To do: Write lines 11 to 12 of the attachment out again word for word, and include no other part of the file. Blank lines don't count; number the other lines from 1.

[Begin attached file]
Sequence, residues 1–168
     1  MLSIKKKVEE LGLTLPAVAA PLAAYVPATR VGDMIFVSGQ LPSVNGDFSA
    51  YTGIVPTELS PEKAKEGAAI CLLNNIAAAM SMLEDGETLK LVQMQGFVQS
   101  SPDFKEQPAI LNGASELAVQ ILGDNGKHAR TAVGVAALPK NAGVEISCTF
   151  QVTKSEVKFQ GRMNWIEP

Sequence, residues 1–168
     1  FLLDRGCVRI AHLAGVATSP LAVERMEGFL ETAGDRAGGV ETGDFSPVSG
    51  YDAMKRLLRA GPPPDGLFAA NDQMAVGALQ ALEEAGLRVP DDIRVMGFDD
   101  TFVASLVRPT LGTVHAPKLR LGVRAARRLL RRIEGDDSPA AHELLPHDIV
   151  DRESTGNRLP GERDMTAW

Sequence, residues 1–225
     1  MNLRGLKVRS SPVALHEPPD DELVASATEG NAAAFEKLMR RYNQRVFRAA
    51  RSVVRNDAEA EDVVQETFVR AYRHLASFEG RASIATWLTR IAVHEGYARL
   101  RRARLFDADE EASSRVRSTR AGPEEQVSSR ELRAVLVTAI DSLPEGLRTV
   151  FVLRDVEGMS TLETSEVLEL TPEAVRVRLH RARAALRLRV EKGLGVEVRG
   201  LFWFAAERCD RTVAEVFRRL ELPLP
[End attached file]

Sequence, residues 1–225
     1  MNLRGLKVRS SPVALHEPPD DELVASATEG NAAAFEKLMR RYNQRVFRAA